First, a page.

The four biggest brokerage companies dominate the U.S. wealth management space, but independent and regional firms are catching up as they gained clients and assets after the 2008 downturn.
Consulting firm Aite Group said in a report Monday that the top four brokerages -- Merrill Lynch, Morgan Stanley Smith Barney, UBS and Wells Fargo Advisors -- employ 12 percent of the industry's 451,000 financial advisers and manage 38 percent of $12.4 trillion in client assets.
Yet the wirehouses lost ground in the aftermath of the financial crisis. Combined assets from these four fell by $900 billion, or 16 percent, to $4.7 trillion during the past two years, Aite said.
The instability in the markets and within the big firms absolutely benefited the regionals and smaller independent firms, Alois Pirker, research director at Boston-based Aite, told Reuters. They've managed to attract advisers and surpass their (pre-crisis) assets.
The trend will continue, Aite said, though at a more modest pace. As the market settles and the big firms integrate a round of mergers, it will be harder for regionals and independents to attract wirehouse advisers and clients, Pirker said.
There are still opportunities to attract wirehouse advisers, especially if the integrations at the big firms falter, but it will be more difficult, he said.
Customers and advisers fled the largest firms in record numbers after Bear Stearns and Lehman Brothers collapsed while Morgan Stanley, Citigroup Inc and Bank of America teetered. Being the biggest lost its allure, while a wave of consolidation among the biggest firms triggered a job-hopping frenzy.
Emerging as the winners were independent registered investment advisers (RIAs) and brokerage firms such as closely held LPL Financial, Ameriprise Financial and Baird Wealth Management, which saw assets increase over this period.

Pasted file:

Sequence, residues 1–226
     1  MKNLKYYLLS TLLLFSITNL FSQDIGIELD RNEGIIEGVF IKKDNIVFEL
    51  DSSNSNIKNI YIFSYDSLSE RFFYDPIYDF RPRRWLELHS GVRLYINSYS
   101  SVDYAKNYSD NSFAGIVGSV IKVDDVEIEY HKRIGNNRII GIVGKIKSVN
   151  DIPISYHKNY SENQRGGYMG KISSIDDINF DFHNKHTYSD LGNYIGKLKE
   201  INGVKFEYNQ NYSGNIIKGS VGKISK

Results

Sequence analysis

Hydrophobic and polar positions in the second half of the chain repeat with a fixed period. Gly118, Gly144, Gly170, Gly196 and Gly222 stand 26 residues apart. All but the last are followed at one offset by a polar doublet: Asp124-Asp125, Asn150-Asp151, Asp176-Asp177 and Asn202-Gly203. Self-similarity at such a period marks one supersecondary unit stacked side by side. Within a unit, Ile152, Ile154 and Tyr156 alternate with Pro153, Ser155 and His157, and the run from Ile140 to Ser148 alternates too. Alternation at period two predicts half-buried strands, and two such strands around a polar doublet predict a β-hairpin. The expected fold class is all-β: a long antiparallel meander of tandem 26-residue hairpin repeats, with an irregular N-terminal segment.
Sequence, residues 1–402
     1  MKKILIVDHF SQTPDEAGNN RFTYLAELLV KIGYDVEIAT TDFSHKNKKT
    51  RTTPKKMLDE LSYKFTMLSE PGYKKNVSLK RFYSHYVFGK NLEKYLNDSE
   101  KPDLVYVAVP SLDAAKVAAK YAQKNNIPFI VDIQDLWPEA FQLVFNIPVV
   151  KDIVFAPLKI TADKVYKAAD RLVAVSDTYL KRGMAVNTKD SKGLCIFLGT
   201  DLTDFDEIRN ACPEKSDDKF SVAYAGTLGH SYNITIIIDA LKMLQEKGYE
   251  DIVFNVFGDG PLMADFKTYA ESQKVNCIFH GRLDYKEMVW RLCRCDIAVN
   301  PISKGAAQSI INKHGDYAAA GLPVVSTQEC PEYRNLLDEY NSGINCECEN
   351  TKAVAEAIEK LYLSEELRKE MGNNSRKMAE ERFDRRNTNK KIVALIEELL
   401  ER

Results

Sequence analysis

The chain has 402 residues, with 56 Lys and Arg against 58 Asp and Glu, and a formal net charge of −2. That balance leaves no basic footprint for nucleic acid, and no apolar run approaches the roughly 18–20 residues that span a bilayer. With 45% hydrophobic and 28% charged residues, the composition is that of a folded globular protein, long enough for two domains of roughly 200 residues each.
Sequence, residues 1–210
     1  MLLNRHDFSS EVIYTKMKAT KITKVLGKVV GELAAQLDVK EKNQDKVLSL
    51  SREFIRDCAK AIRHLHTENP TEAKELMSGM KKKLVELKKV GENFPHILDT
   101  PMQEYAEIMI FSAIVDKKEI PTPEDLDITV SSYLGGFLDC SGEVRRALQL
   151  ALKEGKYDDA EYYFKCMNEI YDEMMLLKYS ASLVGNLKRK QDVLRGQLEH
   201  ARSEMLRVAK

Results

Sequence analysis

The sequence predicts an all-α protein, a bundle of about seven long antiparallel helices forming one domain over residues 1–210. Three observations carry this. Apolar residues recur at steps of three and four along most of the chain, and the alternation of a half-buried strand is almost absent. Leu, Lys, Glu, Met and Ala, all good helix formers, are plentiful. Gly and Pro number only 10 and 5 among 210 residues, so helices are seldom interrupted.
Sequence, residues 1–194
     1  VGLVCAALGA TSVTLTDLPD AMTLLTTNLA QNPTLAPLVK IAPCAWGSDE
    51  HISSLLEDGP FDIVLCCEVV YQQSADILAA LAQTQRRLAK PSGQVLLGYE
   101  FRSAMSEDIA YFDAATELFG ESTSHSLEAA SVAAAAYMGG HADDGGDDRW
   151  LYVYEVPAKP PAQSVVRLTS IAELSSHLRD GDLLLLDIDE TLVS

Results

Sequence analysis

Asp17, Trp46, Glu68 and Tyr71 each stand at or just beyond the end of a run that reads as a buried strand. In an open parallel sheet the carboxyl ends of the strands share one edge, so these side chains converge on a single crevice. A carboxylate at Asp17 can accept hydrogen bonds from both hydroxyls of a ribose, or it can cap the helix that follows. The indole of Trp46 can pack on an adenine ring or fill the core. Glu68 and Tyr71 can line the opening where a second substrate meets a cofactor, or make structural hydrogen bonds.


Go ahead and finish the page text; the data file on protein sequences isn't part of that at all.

RIAs, many employing just three financial advisers, saw their combined client assets grow by $200 billion, or 12 percent, to $1.5 trillion last year. Small brokerage firm assets grew by $100 billion, or 6 percent, to $1.8 trillion.
The small firms grew because they recruited wirehouse brokers, who on average oversee $83 million in client assets, significantly higher than among small wealth firms, said Aite.
Aite's report comes amid a debate on whether independent and regional firms will pose a serious threat to the big four. Executives at Morgan Stanley and Merrill Lynch contend the flood of broker moves has already peaked.
Wirehouses have recovered some of the assets they lost during 2008, but there's still a $900 billion gap. A lot of those assets are now at other firms, said Pirker.
Morgan Stanley Smith Barney, a joint venture former by Morgan Stanley and Citigroup last June, is the biggest wirehouse with 33 percent of wirehouse client assets. The two firms separately managed 36 percent in 2007.
Merrill Lynch, now part of Bank of America , follows with 30 percent of Big Four client assets, up from 28 percent.
Wells Fargo Advisors, part of Wells Fargo & Co , was most successful among the wirehouses, increasing its share of big-firm assets during the downturn to 23 percent. Wachovia Securities, purchased by Wells Fargo in December 2008, had 20 percent of overall wirehouse client assets in 2007.
Aite said UBS, the fourth-largest brokerage, now looks more like a regional firm than a wirehouse as its market share slipped to 13.6 percent from 14.2 percent in 2007.
Everyone is waiting to see what (UBS wealth management chief) Bob McCann's plan will be for UBS. They could stay at this size, but it doesn't match their position in other markets, said Pirker.
(Reporting by Helen Kearney, editing by Matthew Lewis)